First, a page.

On October 17 European Union foreign ministers agreed to lift travel restrictions against Uzbek Defense Minister Ruslan Mirzayev, National Security chief Rustam Inoyatov, and six others, saying it was “with a view to encouraging the Uzbek authorities to take positive steps to improve the human rights situation.”
The restrictions were imposed in the aftermath of the events in Andijan province on May 13, 2005. On that day, following a night of militant unrest, Uzbek government troops opened fire on a demonstration in the Fergana Valley town, killing hundreds of people and wounding many. International outrage immediately ran up against Uzbek government intransigence, which maintained that the incident was a deliberate provocation by militant Islamic forces determined to overthrow the government. There are now signs that Tashkent and Western governments are tentatively ready to overcome the passions and strident positions unleashed by the disputed events of that day and reassess their political and economic relations.
Nearly every aspect of what happened at Andijan is in dispute, from the actions of both protestors and government troops to the number of fatalities. Tashkent insists that the death toll was less than 200, mainly individuals involved in the uprising. However, the Uzbek government’s version of events was immediately challenged and, in the absence of concrete information from the Fergana Valley media, versions of the event mutated and were magnified.
The militant Islamic organization Hizb-ut-Tahrir quickly moved to exploit the situation in Andijan, reporting on May 25 that “credible and trustworthy sources” insisted that 7,000 people had died. Another Hizb-ut-Tahrir website, the “1924 Organization,” claimed that 10,000-20,000 were killed, while Hizb-ut-Tahrir’s representative in Great Britain, Imran Waheed, crowed, “The genocide is evidence of the desperate and extreme measures that must now be taken in order to prevent the imminent return of the Islamic Khilafah.” Western human rights groups, which have long criticized the regime of Uzbek President Islam Karimov, were also quick to condemn the incident.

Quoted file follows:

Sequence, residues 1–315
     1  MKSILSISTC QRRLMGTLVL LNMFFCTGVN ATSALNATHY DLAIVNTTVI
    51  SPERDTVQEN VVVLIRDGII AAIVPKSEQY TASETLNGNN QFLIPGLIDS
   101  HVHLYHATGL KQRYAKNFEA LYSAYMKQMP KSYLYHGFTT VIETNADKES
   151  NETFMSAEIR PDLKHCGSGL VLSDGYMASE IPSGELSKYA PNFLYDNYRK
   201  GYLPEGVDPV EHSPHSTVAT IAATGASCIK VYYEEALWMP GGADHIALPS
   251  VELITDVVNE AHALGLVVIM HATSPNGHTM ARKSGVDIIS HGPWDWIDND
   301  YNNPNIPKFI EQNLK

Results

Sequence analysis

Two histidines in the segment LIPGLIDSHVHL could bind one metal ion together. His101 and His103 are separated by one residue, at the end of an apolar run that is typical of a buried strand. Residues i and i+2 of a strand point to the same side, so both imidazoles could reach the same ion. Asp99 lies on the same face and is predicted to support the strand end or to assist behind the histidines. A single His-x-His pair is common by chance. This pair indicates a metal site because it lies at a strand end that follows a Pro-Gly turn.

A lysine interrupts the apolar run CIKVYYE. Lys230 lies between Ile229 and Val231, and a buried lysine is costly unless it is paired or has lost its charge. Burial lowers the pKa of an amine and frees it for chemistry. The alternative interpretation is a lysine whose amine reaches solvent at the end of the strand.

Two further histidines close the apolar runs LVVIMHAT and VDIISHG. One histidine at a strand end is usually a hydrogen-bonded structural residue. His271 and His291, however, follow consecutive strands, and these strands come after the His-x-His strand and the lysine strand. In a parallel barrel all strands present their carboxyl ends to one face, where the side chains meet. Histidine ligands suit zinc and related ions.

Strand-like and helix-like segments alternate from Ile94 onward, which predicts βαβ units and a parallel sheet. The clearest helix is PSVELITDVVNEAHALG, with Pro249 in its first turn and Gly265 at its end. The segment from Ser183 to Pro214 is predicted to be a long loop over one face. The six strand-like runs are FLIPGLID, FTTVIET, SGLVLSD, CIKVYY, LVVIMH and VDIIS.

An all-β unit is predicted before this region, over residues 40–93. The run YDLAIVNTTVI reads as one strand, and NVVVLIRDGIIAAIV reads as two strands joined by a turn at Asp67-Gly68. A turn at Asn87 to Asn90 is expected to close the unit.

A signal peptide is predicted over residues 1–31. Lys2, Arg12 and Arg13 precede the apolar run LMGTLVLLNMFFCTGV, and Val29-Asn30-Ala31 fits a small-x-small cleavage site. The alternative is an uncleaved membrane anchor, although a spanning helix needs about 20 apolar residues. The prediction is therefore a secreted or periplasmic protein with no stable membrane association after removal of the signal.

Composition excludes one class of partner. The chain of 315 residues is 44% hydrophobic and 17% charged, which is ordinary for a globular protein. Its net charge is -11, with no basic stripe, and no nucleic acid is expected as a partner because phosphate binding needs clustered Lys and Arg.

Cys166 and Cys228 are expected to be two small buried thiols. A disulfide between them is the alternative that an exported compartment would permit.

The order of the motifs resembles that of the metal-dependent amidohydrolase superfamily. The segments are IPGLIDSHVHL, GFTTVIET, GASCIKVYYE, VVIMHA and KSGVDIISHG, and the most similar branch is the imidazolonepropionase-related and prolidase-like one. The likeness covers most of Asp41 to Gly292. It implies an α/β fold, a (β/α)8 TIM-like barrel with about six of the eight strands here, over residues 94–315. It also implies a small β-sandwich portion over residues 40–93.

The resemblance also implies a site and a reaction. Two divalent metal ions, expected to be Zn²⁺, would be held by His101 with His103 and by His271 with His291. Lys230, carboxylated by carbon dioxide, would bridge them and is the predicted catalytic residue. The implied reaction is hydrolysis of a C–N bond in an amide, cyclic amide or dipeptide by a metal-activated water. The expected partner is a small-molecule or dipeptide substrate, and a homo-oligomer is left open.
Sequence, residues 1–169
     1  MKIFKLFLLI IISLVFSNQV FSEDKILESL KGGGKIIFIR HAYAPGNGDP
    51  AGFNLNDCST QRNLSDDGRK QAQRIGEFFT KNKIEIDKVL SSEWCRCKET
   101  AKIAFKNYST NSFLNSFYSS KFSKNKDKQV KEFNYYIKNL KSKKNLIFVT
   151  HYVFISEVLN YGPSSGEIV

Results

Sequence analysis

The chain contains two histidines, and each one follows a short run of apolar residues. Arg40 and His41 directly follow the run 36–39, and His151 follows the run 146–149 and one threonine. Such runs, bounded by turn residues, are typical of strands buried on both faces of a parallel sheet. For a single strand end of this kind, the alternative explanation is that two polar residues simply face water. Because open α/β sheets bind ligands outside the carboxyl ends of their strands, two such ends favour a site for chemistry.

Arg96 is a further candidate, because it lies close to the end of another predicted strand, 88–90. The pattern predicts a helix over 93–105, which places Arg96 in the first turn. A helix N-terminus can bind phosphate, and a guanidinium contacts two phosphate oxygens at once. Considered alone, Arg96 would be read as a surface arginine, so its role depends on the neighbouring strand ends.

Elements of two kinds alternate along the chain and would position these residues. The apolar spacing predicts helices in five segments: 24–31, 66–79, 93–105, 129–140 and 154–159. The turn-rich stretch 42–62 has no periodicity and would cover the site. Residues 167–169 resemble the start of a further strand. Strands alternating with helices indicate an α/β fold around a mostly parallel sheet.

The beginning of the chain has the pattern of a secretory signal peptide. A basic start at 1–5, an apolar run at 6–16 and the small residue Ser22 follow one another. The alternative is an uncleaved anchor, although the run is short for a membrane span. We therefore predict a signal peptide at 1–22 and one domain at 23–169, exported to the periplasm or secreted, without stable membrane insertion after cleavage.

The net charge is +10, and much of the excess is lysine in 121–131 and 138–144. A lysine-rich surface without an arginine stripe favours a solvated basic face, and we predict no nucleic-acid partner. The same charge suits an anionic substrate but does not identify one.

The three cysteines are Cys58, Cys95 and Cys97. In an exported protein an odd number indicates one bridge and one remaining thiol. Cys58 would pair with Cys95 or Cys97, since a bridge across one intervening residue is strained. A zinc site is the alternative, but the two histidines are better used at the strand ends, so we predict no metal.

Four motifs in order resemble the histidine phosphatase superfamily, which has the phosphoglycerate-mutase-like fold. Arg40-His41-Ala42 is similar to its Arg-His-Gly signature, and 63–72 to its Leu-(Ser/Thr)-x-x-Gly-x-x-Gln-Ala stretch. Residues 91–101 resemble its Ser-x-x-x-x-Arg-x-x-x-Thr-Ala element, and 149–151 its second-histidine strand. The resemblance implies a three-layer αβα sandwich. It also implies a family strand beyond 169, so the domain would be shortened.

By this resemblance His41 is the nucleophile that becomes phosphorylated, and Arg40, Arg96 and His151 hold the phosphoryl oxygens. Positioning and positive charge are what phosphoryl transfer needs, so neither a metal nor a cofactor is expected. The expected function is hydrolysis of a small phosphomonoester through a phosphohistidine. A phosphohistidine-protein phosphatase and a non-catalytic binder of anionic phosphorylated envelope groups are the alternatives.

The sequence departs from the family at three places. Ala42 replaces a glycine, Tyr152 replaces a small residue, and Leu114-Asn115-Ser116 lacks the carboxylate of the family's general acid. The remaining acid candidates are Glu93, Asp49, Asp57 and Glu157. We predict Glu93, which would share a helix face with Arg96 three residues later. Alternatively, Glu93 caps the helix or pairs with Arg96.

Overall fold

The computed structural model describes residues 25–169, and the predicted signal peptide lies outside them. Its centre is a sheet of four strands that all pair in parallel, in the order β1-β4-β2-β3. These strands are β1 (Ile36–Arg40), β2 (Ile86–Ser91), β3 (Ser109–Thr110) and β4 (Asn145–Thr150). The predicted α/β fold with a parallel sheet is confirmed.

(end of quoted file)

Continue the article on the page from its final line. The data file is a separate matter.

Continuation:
On October 3, 2005, the European Union decided to prohibit travel by denying visas to leading Uzbek officials because of an “excessive, disproportionate, and indiscriminate use of force” combined with Tashkent’s reluctance to allow an international investigation. The Uzbek government maintained that the uprising was the direct outcome of Islamic militant forces seeking to destabilize the country. In the media fervor that followed, information contrary to the media outcry was overlooked, including eyewitness reports by foreign specialists (Shirin Akiner, “Violence in Andijan, 13 May 2005: An Independent Assessment,” at www.silkroadstudies.org). Tashkent insisted to the international community that its interpretation of events was accurate and belatedly released material supporting its position, including videos taken by the rebels themselves showing their comrades taking hostages and preparing Molotov cocktails. But because the fact materials were released more than a year after the events, the damage was already done.
The EU decision to impose sanctions placed Germany in a difficult situation, as it maintained an airbase presence at Termez, which supported its troops in Afghanistan serving under the International Security Assistance Force (Sueddeutsche Zeitung, October 5, 2005). Since then, Berlin has quietly led EU efforts to mitigate the restrictions.
The first sign of a bilateral thaw came in March, when German Foreign Minister Frank-Walter Steinmeier met with Uzbek Foreign Minister Vladimir Norov and subsequently informed his colleagues in Brussels that Tashkent was considering letting the International Committee of the Red Cross visit prisons in Uzbekistan, hold talks on the Andijan massacre with EU officials, and allow EU officials to evaluate human rights cases in return for an end to the sanctions (RFE/RL, March 5). Later that month Steinmeier led a high-level EU delegation to Tashkent for three days of talks, focusing not only on issues of human rights but also energy. These talks are now bearing fruit.
Since 2005 academic research has provided further insights into the Andijan events, further strengthening Berlin’s position that the time is right to reassess EU relations with Central Asia’s most populous nation (AbduMannob Polat, “Reassessing Andijan: The Road to Restoring U.S.-Uzbek Relations” (Jamestown.org/docs/Jamestown-Andijan.pdf).
Further supporting Tashkent’s position, recent events indicate that Islamic militancy is far from a spent force in South Asia. On October 18, the return of former Pakistani prime minister Benazir Bhutto was greeted by several car bombs, reportedly set off by Islamic militants, which killed at least 120 people. In such an environment, Germany’s pragmatic approach to Uzbekistan may well represent a conciliatory gesture designed to uncover the truth of those tragic events 30 months ago. A salutary reward for Berlin’s pragmatism may well also be first access to Uzbekistan’s hydrocarbon riches, a not insignificant consideration in a world where oil prices have now topped $90 a barrel.